Even if the market share of a licensee is reduced, an existing collective agreement cannot be restricted, even if the market is restricted. Most importantly, OCM has the authority to “limit the amount of cannabis that a licensee can grow, process, distribute or sell by canopy, number of plants, square footage or other means”. So any company that wants to dominate the entire market will soon find that OCM has a wide range of wing clipper products. The underlying policy behind the passage of the MRTA is extensive enough to fill an entire treatise on its own, but suffice it to say that politicians fought hard to get legislation to limit dominance and a positive one Establish an action plan to at least 50. % of all licensees are given to women, minorities, distressed farmers, disabled veterans, and people with cannabis prejudice.
Licenses are valid for two years; Fees are unknown and are required by regulation
According to the MRTA, New York expects license and permit fees to “generate sufficient total revenue to at least fully cover the total cost of administering the Office of Cannabis Management, and licenses must be renewed after two years from the date of issue. The fees are essentially based on the amount of administrative resources required to set up and operate OCM, as well as the number of licenses to be applied for. Transfer of ownership of these licenses and special use permits (other than corporate forms) is generally prohibited by law, and the licenses themselves cannot be used as collateral for a loan.
In addition, OCM will scale registration and license fees based on company size and capacity, and fees will be adjusted or waived for social and economic justice applicants. So potential business owners have to think a lot when identifying their “applicant”. (Also note that legal permanent residents (legally non-citizens) can apply for and obtain a cannabis license if they are otherwise eligible, even though they are prohibited from obtaining an SLA license or permit, so that this new industry certainly represents a tremendous opportunity for new Americans.)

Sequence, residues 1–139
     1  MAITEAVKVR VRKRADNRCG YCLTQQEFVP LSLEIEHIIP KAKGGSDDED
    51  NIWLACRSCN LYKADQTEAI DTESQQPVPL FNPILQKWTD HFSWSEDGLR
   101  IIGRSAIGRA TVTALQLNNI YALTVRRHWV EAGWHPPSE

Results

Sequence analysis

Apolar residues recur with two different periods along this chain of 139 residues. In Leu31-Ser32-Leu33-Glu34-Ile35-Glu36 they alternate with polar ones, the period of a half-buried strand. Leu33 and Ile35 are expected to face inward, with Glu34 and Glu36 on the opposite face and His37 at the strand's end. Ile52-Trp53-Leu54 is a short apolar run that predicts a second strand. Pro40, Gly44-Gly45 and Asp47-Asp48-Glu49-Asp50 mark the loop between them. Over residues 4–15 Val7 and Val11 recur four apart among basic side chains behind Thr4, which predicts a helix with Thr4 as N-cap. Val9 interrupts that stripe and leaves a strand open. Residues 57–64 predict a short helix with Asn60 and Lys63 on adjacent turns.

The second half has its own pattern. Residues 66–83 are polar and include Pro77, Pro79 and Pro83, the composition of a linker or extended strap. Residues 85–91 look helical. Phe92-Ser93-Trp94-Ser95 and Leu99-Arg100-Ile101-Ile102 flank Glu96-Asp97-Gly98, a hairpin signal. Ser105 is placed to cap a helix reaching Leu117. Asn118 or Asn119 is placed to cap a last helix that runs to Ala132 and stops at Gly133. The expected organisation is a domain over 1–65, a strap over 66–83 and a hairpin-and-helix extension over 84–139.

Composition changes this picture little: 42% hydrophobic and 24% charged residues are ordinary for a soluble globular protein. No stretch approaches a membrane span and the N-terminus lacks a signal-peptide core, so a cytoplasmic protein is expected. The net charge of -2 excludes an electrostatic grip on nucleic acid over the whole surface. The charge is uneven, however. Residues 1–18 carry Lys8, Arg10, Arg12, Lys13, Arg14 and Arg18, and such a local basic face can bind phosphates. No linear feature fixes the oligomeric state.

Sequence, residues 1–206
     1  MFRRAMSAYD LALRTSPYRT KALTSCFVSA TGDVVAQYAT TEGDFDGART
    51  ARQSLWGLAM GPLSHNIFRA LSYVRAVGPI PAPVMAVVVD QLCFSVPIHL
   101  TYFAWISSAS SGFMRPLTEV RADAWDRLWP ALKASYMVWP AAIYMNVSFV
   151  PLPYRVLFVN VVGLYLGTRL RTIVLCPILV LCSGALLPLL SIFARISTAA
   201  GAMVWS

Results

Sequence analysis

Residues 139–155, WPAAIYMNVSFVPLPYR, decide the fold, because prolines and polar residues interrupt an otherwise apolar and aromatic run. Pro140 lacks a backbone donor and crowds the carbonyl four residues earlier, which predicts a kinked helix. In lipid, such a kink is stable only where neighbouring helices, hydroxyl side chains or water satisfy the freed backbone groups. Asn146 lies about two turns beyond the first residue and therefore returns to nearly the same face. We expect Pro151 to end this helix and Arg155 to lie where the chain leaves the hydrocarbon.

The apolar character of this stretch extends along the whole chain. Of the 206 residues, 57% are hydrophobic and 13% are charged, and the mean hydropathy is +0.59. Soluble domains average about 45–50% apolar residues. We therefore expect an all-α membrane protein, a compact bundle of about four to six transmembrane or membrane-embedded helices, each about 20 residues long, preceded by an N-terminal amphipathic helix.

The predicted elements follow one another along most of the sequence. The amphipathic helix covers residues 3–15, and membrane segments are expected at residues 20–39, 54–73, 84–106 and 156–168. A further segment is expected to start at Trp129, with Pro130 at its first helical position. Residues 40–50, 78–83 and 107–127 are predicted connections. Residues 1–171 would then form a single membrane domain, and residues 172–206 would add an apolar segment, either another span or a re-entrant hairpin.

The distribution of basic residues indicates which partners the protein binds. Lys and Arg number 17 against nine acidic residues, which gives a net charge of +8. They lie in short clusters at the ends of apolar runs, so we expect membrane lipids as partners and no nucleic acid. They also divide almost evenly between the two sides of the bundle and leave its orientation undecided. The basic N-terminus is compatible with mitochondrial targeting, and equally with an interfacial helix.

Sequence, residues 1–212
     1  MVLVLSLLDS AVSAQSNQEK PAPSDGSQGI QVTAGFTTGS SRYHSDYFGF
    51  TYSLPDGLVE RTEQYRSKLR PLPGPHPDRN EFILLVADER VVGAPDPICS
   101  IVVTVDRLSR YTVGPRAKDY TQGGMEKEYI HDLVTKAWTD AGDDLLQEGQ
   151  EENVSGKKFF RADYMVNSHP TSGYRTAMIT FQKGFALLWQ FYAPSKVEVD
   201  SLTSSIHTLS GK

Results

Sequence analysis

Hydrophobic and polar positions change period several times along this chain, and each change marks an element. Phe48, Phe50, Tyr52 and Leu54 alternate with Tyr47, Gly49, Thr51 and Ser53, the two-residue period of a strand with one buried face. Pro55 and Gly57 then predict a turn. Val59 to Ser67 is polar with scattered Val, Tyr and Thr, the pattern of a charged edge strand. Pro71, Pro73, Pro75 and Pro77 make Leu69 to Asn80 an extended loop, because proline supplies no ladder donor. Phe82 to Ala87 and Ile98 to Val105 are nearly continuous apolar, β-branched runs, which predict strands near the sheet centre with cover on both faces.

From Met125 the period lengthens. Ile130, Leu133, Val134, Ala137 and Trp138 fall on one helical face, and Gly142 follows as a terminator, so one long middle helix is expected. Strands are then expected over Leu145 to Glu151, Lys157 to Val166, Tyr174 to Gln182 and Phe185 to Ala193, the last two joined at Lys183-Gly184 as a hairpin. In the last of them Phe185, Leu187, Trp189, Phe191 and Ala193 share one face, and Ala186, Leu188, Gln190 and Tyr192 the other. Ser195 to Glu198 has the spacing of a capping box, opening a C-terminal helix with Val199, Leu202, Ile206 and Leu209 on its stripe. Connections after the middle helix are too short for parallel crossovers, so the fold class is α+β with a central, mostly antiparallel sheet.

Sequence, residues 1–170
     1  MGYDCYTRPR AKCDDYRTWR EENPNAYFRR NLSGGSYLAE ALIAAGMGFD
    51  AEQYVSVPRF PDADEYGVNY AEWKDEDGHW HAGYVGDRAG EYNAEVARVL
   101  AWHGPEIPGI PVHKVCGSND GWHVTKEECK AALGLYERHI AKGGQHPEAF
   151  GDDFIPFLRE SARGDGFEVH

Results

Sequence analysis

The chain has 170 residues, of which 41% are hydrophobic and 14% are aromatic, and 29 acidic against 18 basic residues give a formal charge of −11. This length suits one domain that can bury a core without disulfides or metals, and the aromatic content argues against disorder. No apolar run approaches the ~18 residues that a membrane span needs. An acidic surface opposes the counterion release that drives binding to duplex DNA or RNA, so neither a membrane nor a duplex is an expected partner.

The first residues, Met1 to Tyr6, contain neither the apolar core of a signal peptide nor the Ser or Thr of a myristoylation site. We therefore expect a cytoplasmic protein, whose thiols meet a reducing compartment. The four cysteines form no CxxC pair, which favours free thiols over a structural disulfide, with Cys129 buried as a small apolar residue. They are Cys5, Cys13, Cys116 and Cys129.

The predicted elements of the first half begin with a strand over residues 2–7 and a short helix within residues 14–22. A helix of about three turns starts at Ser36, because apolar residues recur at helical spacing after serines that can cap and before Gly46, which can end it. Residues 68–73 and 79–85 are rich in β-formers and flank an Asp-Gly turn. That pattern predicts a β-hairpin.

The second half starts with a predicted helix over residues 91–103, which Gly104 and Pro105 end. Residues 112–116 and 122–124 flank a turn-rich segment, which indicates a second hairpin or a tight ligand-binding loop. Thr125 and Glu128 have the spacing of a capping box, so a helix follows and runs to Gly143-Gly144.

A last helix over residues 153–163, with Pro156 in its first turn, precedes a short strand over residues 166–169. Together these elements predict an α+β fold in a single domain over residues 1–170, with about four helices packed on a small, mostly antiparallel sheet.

New York Cannabis Law § 62 (application information) and 66 (license renewal) describe the application requirements
The MRTA is detailed enough to prescribe nine separate categories of information to be provided under Section 62 of the Cannabis Act, including the requirement, “Racial and Ethnic Diversity,” property information, fingerprints, annual accounts of premises for which the license is being sought, in addition to be provided on “all other information required by law”. In order to ensure that applicants are given a certain leeway when completing applications, the law allows OCM to accept the applicant’s self-disclosure for certain information in accordance with Section 62 (6) (OCM can refer to the information in such an application and in any supplementary declaration and it can be assumed that this information is correct and is binding on registered organizations, licensees or licensed entities as correct. “).
Allegedly based on “applicants for social and economic justice”, the OCM law allows the “submission of intangible information or documents … for any type of license or permit” to be waived. In principle, § 62 is detailed enough that many do not provide for any additional essential regulatory conditions for the application process.
For adult cannabis license renewals, Section 66 contains full details on how it should be done, including the explicit requirement that OCM send a renewal request to licensees at least 90 days before it expires. Requests for renewal require “documentation of the racial, ethnic and gender diversity of the applicant’s employees and owners” prior to approval of the renewal; In addition, licensees can be subject to a “framework agreement on social responsibility” in order to promote racial and gender diversity in the company as a condition for renewal in accordance with Section 66 (2). In addition, in accordance with the renewal procedure set out in Section 66 (6), the application for renewal must contain “evidence of the implementation of your plan for the benefit of communities and people disproportionately affected by the enforcement of cannabis laws”.
While the constitution of the full five-member CCB is certainly a significant milestone in establishing the adult cannabis market in New York, the extensive legal framework in New York Cannabis Act seems to leave the CCB and OCM primarily to fill in the details of the minimum requirements for the operation of each license or permit, the associated fees, and the number of licenses and permits in each geographic area. With much of the industry already defined, segmented and regulated under the MRTA, those thinking of entering this newborn market only need these details to finalize their business decisions but already have the general roadmap like the adult cannabis market will start in New York State in 2022.